“If you would just be a little stricter with him, I’m sure he would straighten up.” I stared dumbly into the face of one of Adam’s teachers, after my son had missed almost six months of school from debilitating headaches.
My heart sank. My stomach twisted. This person saw my son in between his headache episodes and saw a typical teenage boy—laughing, teasing, joking around. What she hadn’t witnessed was the tortuous episodes that no doctor was able to diagnose; the painful attacks that began when he was 13 years old, out of the blue. Soon we saw a pattern emerge. The attack would begin with an itching burning sensation on his temple that would last about 30 seconds. This would be immediately followed by a taste in his mouth that he described as “bad bananas,” another 30 seconds. Then he would be hit with an explosive pain across the front of his head that would throw him to the floor, thrashing in pain, pulling his hair, kicking his feet, crying out in agony. This part of the ‘headache’ lasted about 10 minutes and during this time, he was aware of his surroundings but couldn’t hear due to the loud metallic clanging noise that filled his head.
And then, as suddenly as it began, the explosive pain would stop, leaving a heavy dull headache in its place. It was at this point, immediately following the explosive portion of the headache, that Adam would get a tingling sensation on the bottom of his feet, and then he would be paralyzed from the neck down for about 90 minutes. Gradually over an hour and a half, he would regain the use of his hands, then his arms and then finally his feet and legs.
Sometimes the headaches would be weeks, even months apart. At their peak, he might experience 6-8 episodes a day. Adam went from being an enthused and happy student in the gifted program with straight A’s to a depressed and disheartened young man who shared, “My teachers get paid the same whether I pass or not. They don’t care about me.”
While the educational system had already made up their minds, the medical world was very interested in Adam’s condition. Which wasn’t necessarily the same as being interested in Adam.
Doctors lined up outside his room like kids in a candy store. Everyone wanted to take a crack at this medical mystery. One after another, neurologists would come in and ask him the same series of questions that had been asked time and time again.
At one point, a neurologist came in dragging a tripod and video camera in with him. Adam sat on the bed, legs dangling over the side while the doctor set up the camera, turned it on, and settled into a chair across from Adam. He pulled out his pen, looked down at Adam’s chart and then ceased to make eye contact for the rest of the interview.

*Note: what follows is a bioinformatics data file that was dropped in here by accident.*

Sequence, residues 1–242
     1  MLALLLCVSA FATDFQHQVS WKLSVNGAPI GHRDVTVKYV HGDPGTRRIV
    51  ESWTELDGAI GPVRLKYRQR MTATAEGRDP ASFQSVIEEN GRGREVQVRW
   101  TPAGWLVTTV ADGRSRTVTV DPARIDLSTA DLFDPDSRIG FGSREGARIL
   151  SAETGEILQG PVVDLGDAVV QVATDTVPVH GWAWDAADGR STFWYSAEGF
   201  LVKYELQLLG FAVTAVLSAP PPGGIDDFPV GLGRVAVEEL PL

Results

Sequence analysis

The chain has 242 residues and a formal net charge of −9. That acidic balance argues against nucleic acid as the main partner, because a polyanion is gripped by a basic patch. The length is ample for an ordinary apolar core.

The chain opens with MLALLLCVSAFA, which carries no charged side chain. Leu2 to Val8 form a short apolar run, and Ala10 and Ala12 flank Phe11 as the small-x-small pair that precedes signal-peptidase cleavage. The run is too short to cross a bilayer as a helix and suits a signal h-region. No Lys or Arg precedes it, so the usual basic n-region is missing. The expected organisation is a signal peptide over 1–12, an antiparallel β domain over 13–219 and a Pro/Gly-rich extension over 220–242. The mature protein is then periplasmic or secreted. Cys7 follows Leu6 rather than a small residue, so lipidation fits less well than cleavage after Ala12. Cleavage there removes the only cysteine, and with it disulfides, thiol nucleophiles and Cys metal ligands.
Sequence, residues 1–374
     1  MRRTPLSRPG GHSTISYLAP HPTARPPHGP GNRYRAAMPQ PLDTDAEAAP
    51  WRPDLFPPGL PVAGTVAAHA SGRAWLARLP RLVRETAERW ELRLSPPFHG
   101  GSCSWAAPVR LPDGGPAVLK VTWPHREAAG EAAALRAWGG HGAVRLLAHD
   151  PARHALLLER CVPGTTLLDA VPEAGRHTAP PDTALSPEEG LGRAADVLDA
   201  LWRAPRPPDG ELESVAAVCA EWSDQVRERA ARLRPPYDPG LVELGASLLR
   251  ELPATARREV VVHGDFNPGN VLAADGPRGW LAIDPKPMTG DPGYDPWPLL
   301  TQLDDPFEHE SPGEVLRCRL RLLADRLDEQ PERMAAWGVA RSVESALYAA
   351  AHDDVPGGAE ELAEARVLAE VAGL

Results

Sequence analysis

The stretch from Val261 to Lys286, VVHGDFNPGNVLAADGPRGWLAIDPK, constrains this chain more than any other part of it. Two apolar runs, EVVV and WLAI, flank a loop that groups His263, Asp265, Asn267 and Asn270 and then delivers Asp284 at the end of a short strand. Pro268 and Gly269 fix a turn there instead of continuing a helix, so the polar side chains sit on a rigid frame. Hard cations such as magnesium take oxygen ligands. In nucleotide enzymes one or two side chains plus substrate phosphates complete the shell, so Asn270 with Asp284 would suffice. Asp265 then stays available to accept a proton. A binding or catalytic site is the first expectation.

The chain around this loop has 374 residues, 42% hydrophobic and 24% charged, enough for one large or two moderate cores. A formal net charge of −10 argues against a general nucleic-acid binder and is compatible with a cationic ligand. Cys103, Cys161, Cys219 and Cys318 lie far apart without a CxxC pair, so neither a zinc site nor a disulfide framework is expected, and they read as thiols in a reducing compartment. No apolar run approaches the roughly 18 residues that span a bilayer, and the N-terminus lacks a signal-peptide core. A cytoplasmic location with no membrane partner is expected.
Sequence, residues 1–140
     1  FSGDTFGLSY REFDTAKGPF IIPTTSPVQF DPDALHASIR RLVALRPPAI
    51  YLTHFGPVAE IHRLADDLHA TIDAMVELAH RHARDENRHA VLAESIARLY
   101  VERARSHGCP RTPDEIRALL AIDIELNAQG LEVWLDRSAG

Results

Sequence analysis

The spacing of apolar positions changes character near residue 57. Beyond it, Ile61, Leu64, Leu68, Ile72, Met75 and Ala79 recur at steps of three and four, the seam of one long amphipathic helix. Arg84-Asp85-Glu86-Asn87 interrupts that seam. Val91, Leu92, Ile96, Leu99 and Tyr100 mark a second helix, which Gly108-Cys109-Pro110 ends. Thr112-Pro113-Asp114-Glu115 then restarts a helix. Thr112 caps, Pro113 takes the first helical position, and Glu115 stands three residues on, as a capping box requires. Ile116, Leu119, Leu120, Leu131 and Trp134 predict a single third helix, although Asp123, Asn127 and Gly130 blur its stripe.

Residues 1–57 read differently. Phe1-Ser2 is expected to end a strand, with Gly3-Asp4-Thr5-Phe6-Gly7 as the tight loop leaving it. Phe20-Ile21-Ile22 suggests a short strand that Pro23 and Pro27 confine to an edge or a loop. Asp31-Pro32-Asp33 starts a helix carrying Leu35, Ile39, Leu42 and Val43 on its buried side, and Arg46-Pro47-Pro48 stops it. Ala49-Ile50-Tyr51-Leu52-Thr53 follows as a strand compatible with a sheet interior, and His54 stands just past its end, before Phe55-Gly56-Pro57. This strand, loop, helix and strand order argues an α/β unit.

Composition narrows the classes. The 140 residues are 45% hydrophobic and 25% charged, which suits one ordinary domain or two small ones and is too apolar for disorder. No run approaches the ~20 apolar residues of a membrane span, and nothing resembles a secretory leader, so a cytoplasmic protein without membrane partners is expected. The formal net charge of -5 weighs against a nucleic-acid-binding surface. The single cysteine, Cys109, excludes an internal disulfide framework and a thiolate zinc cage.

Adam and I doubled over with laughter, perhaps a little slap happy from the tedious day of exams. The doctor paused, and then without ever looking up said, “Clever.” While the doctor didn’t seem to benefit from the humor, Adam and I were rejuvenated by the small bit of comic relief.
Indeed humor became such an important coping mechanism for Adam that, six years later, he went on to school in Chicago to study with Second City. He has incorporated the art of Improv into his personal and professional life. Humor was not, is not, the be-all-end-all, for us. There was time for laughter; there was a time for tears. Both are healing. But we found that it’s much less upsetting to those around us if we laugh, rather than cry.
When one is in pain, it is sometimes hard to believe that humor is available. Yet it is there, just as the stars are there during the day—we cannot see them when we are blinded by the light that keeps them hidden from us. We trust that they are there and will become evident to us again, when the time is right.
Making it work. Here are some techniques for transforming your life with humor and laughter.
Surround yourself with the right people. Seek ways to spend more time with the people that make you laugh and that enjoy your company. Life is too short to spend it with people who can only focus on the negative.
Be proactive—manipulate your environment. Keep funny books, audios and toys within reach. Refer to them at least once a day.
Be proactive—manipulate your mindset. If you have a challenging situation, exaggerate it until you can laugh at the audacity of it. Practice looking for the humor around you.
Take a risk—be willing to appear silly to others. No one ever died from looking foolish, and the benefits far outweigh the risks. Be willing to laugh at yourself.
Be in the moment—play when the occasion arises. Don’t wait until you feel better to play. Play and then feel better.
Copyright 2009. Article written for the Invisible Disabilities Association by Karyn Buxman, RN, MSN. Karyn is a National Hall of Fame Speaker, Nurse and Neurohumorist. She is a former President of the Association for Applied and Therapuetic Humor and Current Board Member.